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Salem Mennonite Church
The first Mennonites came to Oregon starting in 1876. The earliest Mennonite church established in the immediate Salem area was in Pratum in 1890. The immigrants were of Swiss Mennonite background from the Eastern and Mid-Western states or were more recent European immigrants to the United States, mainly from Russia. Some of the latter groups settled in the local region and in 1916 started a hospital in Salem known as the Salem Deaconess Home and Hospital. Franz (F. B.) Wedel and several "sisters" or deaconesses–trained nurses who had been ordained to care for the sick–started and operated the health facility. The hospital was the forerunner of the present Salem Hospital and was situated at the same location.

In 1945, members of the contingent of Mennonites in Salem originally from the eastern United States, or their descendants, cooperated in the establishment of their own high school. This school, Western Mennonite School, located on Wallace Road 10 miles north of Salem, is still in operation. It presently includes middle school grades as well as the high school on its campus. Students include Mennonites and non-Mennonites alike, many of whom live in salem. Salem Mennonite church is very much involved in the school’s support and is blessed with the attendance ans haring of talents of many of the teachers and staff in return.

Most Mennonites around Salem had traditionally grown up with the rural heritage of their parents and grandparents. As more of them moved to Salem for other than farm occupations, the need for a place of worship nearer than their home churches became important. A group of families began meeting together in 1960 and developed a full congregational program, organizing officially on November 12, 1961. In 1967, the congregation moved to its new building and its present address at 1045 Candlewood Drive NE. When Keizer was incorporated, the church which had been outside Salem’s city limits was just inside the boundaries of the new city.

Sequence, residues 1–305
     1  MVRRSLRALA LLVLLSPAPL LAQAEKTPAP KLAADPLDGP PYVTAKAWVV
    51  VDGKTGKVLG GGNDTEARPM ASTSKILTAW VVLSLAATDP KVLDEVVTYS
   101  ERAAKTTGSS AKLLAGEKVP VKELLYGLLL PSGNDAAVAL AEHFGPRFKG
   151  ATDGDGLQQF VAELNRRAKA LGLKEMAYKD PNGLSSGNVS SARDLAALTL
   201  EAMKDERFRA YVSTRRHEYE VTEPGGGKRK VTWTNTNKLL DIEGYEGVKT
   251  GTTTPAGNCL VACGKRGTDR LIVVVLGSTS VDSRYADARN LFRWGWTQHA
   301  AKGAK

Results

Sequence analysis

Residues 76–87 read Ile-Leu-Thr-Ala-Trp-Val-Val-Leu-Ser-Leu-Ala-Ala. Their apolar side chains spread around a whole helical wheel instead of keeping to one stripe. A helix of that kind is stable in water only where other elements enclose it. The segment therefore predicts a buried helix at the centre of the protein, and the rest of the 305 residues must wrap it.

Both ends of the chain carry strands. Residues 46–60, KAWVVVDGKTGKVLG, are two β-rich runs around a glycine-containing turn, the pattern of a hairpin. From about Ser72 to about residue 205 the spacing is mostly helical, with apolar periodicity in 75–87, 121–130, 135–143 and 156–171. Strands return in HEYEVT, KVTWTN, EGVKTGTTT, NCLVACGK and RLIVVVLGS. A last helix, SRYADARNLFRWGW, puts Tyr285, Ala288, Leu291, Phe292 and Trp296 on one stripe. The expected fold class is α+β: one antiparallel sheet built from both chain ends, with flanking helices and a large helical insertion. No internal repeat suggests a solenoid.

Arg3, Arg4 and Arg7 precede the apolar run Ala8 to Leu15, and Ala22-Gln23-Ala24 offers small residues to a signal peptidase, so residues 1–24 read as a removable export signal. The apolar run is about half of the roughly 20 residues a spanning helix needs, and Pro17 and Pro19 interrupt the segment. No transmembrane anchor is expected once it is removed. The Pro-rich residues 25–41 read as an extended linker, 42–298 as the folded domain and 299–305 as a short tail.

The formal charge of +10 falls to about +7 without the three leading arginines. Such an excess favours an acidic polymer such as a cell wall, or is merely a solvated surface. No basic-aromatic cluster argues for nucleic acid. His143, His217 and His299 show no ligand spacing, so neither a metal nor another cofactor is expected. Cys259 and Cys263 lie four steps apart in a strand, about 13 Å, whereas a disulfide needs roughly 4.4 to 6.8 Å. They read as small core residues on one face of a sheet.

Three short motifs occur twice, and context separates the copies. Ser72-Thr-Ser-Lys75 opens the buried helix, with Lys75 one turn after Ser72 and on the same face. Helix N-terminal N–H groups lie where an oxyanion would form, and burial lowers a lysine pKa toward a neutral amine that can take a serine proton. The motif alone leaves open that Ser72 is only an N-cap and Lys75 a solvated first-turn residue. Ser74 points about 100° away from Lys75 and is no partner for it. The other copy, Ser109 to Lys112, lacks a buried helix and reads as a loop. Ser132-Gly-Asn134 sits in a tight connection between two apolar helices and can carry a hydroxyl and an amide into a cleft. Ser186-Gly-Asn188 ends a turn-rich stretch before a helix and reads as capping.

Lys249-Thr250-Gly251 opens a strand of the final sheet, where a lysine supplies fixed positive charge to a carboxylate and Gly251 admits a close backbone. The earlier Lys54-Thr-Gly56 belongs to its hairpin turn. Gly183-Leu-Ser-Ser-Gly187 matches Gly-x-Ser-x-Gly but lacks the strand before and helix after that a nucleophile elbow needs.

As followers of Jesus Christ, members of Salem Mennonite church look to his life and teachings for their guide to living. As Jesus came to serve rather than to be served, so members try to serve in various ways an give to those in need. A high percentage of the congregation are nurses or in related health occupations in Salem. Nurses have organized an active Parish Nurse Group to provide help and guidance in health-related matters. Another large number among the congregation are those in the field of education. The church actively works with other Mennonite Churches in the Willamette Valley to sponsor an annual festival at the Linn County Fairgrounds. Its purpose is to raise funds for Mennonite Central Committee, an international organization whose efforts are directed toward relief and development programs in developing countries.

Church members try to be good neighbors wherever they life. They have traditionally not been involved in political life or civic government. Most recently, through a coalition made up of the church, they Southeast Keizer Neighborhood Association, Catholic Community Services, Keizer United and representatives of state Adult and Family Services and the Keizer Police Department, a community center has been started one night a week in the meeting room of the church facility. The goal is to provide activities for children and families in the neighborhood.

Note: For further information on the history of Mennonites in Oregon, see Apart & Together: Mennonites in Oregon and Neighboring States, 1876-1976. Lind, Hope Kauffman. Herald Press, 1990.


Salem Mennonite Church
Salem Mennonite Church
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